The Lady in the Van
Hull Truck Theatre
The Lyceum. Sheffield
Alan Bennett's play started life as a series of diary entries documenting his relationship with the eccentric tramp, Miss Shepherd, whose foul smelling camper van occupied the forecourt of his London house for 15 years. The play was performed in a radio version in 1990, appeared in the publication, ‘Writing Home' in 1994 and on stage, with Maggie Smith as Miss Shepherd, in 1999.
As a writer, good socialist, and generally ‘nice' person, Bennett must have been fascinated by Miss Shepherd's larger than life personality, and reluctant to get her ‘moved on' by the authorities, whilst, simultaneously, resenting her gradual intrusion into his life, her rudeness and lack of appreciation of his efforts on her behalf, and the squalid and stinking conditions in which she lived on his doorstep.
In the play there are two Alan Bennetts who represent this duality of attitude: the one sensitive, caring and ‘nice'; the other outspoken, sarcastic and resentful (an Alan Bennett, whose voice the public has never heard before). The device of the two Bennetts, ably performed by Sean McKenzie and Paul Kemp, also suggests the dichotomy between the beleaguered, gentle, house owner who, in the action of the play is the one who directly interacts with Miss Shepherd: and the writer, who is an objective, cold observer, storing up her sayings and eccentric behaviour as grist to the writer's mill.
The first 20 minutes of the play is slow moving, and visually rather uninteresting, on a very bare stage. Bennett provides the back story, introduces Miss Shepherd, the two Bennetts, and some rather two dimensional characters representing the press, health and social workers and the NIMBY champagne socialists who don't want the van outside their house. Then the huge yellow camper van is dragged on set and begins to assume a life of its own. We eventually see through the open back doors, not only the detritus and squalour of Miss Shepherd's life, but also the tattered magazine pictures of Catholic icons, which have been a prominent influence in her life. The final apotheosis of the van is a wonder to behold and a coup de theatre.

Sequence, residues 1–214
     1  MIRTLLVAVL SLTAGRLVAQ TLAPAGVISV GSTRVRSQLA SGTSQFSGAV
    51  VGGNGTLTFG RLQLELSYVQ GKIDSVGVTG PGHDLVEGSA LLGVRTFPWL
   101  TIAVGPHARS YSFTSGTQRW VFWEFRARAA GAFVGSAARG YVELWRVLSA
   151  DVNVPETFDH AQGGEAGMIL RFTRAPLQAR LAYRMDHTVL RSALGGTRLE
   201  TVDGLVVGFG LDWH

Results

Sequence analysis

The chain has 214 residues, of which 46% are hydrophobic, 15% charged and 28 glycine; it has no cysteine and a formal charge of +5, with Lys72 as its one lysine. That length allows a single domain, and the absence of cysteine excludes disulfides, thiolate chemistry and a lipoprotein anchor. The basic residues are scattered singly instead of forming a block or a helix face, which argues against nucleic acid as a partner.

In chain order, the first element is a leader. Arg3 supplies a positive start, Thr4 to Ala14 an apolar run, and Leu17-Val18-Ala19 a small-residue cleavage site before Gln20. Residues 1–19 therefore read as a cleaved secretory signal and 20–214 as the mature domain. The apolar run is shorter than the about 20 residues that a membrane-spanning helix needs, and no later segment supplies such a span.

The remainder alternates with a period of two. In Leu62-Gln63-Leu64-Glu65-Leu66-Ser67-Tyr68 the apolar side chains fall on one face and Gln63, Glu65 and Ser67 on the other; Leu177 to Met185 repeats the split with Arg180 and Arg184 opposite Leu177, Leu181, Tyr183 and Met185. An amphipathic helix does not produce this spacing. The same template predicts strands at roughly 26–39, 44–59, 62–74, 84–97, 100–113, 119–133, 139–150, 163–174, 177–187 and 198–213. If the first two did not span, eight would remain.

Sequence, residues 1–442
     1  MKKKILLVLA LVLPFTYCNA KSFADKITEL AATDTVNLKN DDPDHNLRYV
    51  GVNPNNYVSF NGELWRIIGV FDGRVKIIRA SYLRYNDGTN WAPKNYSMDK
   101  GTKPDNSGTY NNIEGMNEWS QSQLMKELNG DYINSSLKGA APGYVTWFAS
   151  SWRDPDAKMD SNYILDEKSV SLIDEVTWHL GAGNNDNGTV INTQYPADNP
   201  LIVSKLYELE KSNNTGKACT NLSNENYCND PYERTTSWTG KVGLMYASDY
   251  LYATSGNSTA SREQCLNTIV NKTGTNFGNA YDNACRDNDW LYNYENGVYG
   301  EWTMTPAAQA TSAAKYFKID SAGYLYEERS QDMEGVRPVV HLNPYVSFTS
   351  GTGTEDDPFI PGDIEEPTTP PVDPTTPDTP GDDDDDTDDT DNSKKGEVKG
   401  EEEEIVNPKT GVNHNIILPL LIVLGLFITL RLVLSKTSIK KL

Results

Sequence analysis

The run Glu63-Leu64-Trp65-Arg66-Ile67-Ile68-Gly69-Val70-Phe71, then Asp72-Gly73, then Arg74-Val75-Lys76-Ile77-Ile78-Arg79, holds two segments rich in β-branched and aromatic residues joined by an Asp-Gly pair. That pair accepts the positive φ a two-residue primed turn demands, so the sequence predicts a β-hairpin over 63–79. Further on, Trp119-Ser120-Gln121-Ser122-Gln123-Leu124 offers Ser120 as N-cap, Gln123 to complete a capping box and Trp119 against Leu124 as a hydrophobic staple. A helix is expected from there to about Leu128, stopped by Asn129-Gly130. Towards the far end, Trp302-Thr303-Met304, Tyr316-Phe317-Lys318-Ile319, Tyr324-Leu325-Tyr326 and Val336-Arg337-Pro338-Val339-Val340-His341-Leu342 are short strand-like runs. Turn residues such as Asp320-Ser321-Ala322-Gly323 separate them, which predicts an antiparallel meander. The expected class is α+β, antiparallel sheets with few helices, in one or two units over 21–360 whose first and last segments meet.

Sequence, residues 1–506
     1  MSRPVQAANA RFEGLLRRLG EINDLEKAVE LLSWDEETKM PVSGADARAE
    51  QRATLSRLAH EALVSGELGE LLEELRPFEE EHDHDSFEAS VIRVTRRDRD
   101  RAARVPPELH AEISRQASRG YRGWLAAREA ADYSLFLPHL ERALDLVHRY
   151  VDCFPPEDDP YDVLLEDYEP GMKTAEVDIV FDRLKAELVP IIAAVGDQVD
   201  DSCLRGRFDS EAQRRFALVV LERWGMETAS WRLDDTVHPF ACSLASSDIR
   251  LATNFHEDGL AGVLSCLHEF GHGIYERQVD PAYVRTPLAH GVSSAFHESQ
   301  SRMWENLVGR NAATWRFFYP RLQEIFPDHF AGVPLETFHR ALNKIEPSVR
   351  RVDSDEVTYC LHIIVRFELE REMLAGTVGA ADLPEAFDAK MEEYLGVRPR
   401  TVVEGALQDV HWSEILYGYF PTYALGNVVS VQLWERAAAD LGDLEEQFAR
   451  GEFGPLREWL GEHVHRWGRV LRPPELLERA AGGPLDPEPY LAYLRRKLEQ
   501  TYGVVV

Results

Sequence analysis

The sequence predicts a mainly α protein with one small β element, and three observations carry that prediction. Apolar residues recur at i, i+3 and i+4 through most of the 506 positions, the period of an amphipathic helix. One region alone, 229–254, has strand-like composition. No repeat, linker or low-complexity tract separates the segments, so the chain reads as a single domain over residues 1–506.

Nichola McAuliffe gives a stunning performance in the stunningly written central part. She is endlessly tall, though slumped for most of the time; displays long, beautiful fingers when recalling her days as a successful pianist; and is physically very strong (leaping onto a table, arresting the forward momentum of a wheel chair before it topples into the stalls) while suggesting increasing frailty. She brings a wide vocal range and versatility to her performance, often shifting unexpectedly from quiet voiced reminiscence to aggressive stridency. She transforms herself from a vigorous middle aged woman who can slam the sliding door of the van shut with one hefty shove, to an old and increasing weak woman, who finds it hard to climb the couple of steps into the van and who struggles to close the door at all. There are key moments in this performance which unlock different aspects of the character: she can't bear to hear music played; she prays passionately ‘like a Muslim'; she has a child-like humour and also a sophisticated sense of irony; she is well educated but completely irrational in her dealings with authority. In fact, a wonderful mass of contradictions.
In the second act of the play the parallelism between Bennett's relationship with his Mam, sensitively played by Fenella Norman, and his relationship with Miss Shepherd is more fully explored. The latter was confined to an institution by her brother, before the action of the play, but managed to escape and evade further attempts to constrain her. Mam eventually succumbed to Altzeimer's and died in care. It is difficult not to suppose that the sensitive Bennett felt a degree of guilt about this, and that his tolerance and sympathy towards Miss Shepherd, was, in part, a way of compensating for this.
A thought provoking and moving revival of an interesting and unusual play.
Reviewer: Velda Harris